Tableau during the summer

My team wants to learn Tableau and how to best integrate it into our current scouting system, but the activation key in our kit of parts expired on 4/30/2018. I reached out to Tableau and they said cannot re-activate it or issue a new one if the kit of parts key has expired.

Since I’m sure some teams use Tableau for summer competitions or to prototype new scouting systems, how do you get around the expired key? Do your students all just apply for the student key and hope your mentors are teachers?

All of the stuff we do in Tableau can be done in the free version (with the exception of saving workbooks) so in the summer we use that.


Someone asked in Discord where to get the free version of tableau, it is available here

Short answer: You can’t, options are be a student/teacher or go free version.

Short answer: Yes.

I went through this about a month ago myself, and had no luck.

We currently use Qlik and wanted to investigate in the offseason, but found it wouldn’t play as nice as we wanted with the free version. I went back and forth with a rep from Tableau, and because our team is a community based team with no teachers, only the students could gain access after the 30 April deadline.

For now we are sticking with Qlik because it’s what we know and switching to the free version of Tableau doesn’t buy us much.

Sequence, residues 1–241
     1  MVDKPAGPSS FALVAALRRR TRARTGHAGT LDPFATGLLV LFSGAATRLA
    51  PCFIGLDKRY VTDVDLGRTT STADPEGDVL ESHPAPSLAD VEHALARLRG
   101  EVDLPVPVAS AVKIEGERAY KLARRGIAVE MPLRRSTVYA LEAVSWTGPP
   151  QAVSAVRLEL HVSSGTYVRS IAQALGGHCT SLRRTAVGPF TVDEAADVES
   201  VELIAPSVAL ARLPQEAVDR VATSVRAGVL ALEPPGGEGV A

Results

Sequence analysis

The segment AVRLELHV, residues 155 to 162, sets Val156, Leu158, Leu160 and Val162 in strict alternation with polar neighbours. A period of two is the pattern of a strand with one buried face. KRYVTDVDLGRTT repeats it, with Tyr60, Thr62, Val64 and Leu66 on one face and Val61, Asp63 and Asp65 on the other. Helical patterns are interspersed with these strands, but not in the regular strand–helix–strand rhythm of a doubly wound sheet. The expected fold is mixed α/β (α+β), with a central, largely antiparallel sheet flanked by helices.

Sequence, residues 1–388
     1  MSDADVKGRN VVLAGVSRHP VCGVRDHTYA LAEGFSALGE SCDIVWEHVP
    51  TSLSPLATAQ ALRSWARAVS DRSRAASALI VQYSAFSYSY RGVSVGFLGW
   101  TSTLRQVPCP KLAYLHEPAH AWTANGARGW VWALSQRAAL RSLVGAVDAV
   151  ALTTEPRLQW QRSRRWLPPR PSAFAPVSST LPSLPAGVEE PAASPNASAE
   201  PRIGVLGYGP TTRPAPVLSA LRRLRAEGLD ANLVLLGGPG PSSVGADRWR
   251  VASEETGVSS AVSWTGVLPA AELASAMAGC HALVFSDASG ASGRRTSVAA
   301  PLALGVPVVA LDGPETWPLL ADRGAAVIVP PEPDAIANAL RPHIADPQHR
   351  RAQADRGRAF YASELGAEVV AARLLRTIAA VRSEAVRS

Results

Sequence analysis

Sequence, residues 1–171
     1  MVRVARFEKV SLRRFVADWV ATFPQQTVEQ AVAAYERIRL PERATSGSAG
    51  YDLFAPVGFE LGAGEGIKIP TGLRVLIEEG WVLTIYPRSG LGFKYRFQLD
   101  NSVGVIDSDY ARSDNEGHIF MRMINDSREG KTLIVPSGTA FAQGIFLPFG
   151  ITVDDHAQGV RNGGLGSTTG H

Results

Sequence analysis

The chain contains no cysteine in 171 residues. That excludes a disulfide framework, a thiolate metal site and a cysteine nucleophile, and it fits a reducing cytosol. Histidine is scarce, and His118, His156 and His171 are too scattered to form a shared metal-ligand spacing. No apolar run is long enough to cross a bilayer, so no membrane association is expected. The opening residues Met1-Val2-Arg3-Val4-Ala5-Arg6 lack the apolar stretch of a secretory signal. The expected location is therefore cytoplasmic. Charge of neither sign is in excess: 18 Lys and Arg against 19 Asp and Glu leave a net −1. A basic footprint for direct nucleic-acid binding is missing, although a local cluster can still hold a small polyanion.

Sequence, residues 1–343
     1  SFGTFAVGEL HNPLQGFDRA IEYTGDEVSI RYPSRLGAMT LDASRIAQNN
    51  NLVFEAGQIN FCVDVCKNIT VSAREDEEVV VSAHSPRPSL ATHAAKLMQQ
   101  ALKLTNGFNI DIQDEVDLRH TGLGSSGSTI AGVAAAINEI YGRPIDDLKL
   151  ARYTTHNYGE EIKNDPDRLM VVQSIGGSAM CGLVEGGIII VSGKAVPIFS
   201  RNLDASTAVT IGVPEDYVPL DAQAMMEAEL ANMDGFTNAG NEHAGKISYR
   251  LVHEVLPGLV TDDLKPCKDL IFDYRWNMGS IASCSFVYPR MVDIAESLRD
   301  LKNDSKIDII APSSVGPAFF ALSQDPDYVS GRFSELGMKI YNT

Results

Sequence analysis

You could also try power BI it is what my team uses. It’s free from Microsoft and is very good for beginning users as t uses dax language which is the same as excel.

You don’t need to get Tableau with FIRST codes. Tableau is free for students, you just have to provide some form of student ID for verification.

Alternately, RStudio and R are free to download, and thanks to the amazing work of Hadley Wickham, so too is the tidyverse*, and in particular ggplot(2).

If your students are willing to brave a learning curve (R is a vectorized language and there’s no denying that that’s weird for most programmers), using something like ggplot2 could be valuable for them. It’s a really powerful tool, and if you have the good judgement to use it properly (read: don’t use the fancy stuff unless you have a good reason) you can create some gorgeous data visualizations extremely quickly.

If you’d like some resources to learn more about R or ggplot I would love to point you in the right direction.